Many people do not realize that the act of swallowing is actually a complex reflex. As we chew our food, it forms a nice moist ball in our mouth, called a bolus, which is eventually propelled to the back of our throat with our tongue. When a bolus reaches a certain point in the back of our throats, our bodies recognize that we need to swallow. Think of it as similar to the doctor hitting your knee with a small hammer, and your leg jerking in response: the bolus hitting the back of the throat is like the hammer, and your muscles moving to close off your airway and open up your swallowing tube, esophagus, to your stomach is like the leg jerking. It is a magnificent mechanism to transport your food to your stomach and protect your lungs from food and drink entering them.

It is important to keep in mind that as we age our reflexes begin to slow down and this includes the swallowing reflex. In addition to our reflexes slowing down, our muscles also may not be as strong as they once were when we were younger – this goes not only for your arms, legs, and abs, but also for your swallowing muscles. These changes can at times cause problems with the safety of our swallow. When problems do arise, they can lead to illness, the most significant being pneumonia. For example, if your swallow reflex is not as fast as it once was, it may not trigger your muscles to close off your airway in time to protect it from that tasty bite of a meal or sip of a delicious beverage from penetrating into your airway. You may tear up, start to cough, feel the need to clear your throat, or sound as if you have a ‘frog stuck in your throat’ when you start to speak. For another example, if your swallowing muscles are not as strong as they once were and they can’t squeeze and propel the food down strong and fast enough through your esophagus to your stomach, you may have left over pieces of food hanging around the back of your throat when your airway re-opens. The food that remains can be sucked into your airway as you breathe. It is when food or drink slips into the airway and down into our lungs, along with some bacteria from our mouths, that a case of pneumonia can develop.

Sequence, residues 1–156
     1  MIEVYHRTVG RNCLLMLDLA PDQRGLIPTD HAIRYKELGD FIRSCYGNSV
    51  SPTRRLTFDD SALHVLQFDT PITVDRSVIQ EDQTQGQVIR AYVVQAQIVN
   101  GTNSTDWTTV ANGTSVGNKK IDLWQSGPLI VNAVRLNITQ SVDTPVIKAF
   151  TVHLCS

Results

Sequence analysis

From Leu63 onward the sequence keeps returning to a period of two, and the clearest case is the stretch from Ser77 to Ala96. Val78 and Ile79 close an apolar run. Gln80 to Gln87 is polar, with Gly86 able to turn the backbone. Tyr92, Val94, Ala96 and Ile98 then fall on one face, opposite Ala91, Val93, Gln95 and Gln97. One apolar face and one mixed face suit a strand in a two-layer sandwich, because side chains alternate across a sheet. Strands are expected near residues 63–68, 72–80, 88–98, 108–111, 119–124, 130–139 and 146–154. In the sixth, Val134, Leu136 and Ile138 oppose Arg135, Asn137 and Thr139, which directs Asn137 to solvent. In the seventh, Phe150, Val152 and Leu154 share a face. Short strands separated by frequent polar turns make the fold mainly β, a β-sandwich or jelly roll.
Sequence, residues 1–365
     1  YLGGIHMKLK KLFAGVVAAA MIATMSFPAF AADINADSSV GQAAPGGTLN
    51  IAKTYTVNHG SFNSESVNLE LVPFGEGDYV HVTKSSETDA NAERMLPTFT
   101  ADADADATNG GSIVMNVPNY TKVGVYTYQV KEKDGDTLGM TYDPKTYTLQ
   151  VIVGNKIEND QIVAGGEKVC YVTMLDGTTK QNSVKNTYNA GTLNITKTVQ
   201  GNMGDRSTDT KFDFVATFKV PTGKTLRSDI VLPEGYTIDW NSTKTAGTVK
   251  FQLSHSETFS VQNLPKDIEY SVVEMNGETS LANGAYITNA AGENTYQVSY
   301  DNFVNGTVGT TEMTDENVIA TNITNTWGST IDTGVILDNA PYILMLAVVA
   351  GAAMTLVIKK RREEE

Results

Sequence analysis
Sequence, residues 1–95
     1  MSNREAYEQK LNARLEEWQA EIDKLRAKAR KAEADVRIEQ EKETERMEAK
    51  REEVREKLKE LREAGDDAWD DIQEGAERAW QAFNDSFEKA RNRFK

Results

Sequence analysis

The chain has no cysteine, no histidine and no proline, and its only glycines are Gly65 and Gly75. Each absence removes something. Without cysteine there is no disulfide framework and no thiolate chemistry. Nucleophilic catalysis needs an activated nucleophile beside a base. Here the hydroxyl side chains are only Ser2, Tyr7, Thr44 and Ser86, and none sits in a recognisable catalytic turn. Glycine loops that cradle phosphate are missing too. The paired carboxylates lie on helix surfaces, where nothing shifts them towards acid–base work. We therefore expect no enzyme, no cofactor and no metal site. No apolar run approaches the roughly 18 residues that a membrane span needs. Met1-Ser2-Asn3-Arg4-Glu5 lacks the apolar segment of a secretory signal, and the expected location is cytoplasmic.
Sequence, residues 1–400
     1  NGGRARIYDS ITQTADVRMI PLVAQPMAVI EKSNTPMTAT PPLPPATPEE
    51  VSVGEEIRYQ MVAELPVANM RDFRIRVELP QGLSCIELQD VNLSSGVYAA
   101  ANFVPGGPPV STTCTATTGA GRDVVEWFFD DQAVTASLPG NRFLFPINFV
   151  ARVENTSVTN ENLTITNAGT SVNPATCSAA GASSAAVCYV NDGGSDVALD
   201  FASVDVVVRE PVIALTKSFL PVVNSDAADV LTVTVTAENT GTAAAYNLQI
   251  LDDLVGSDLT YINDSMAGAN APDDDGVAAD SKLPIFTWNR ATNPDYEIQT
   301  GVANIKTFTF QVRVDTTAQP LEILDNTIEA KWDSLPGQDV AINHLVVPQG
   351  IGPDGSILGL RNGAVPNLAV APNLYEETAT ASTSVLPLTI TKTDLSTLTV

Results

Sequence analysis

Many people never develop swallowing difficulties or pneumonia, but it is good to be aware of some red flags that indicate you or your loved one’s swallow should be looked at. Here are some of those red flags:

  1. During or shortly after you eat or drink you feel as though it is getting stuck in your throat.
  2. You cough, or clear your throat when you eat or drink, or shortly thereafter.
  3. You notice that your voice changes in quality during or just after eating or drinking.
  4. Your eyes tear up when you are eating or drinking.
  5. You feel like you have to swallow many times in order to get things down ‘properly’.
  6. You feel as though you choke on your food more than the average person does.
  7. You have a hard time clearing your mouth of all of the food you have been chewing.
  8. You find that food collects in different parts of your mouth, and you need to physically clear it with a sip of a drink, by really working at it with your tongue, or by using your finger.
  9. You find that food is collecting in parts of your mouth, and you aren’t noticing it until a later time.

This list is not exhaustive, but should give you a good idea of what to look for if you feel your swallow isn’t as efficient as it once was. If you have noticed any of these things, or are concerned about something that is not on this list, speak to your doctor about having a swallowing assessment done with a speech-language pathologist (SLP). By having your swallow examined, you can partner with your SLP to do some exercises, and/or use some strategies to help improve your swallowing safety.

If your swallowing profile is more complex, the SLP may recommend that you have a modified barium swallow study (MBS) completed. This means the SLP recommends you have an x-ray done of your swallowing in order to better understand what is going on as you swallow. It gives a more definite picture of what is going on as you swallow with the timing of the reflex and how the muscles are moving. From this study the SLP may give you additional recommendations or strategies to improve the safety of your swallow.

The great news is, depending on the reason for your swallowing issues, that swallowing strategies and exercises can improve the safety and/or the strength of your swallow.

Megan Wood Pagonis, M.Sc. SLP(C), reg. CASLPO
Speech-Language Pathologist
The Speech Therapy Centres of Canada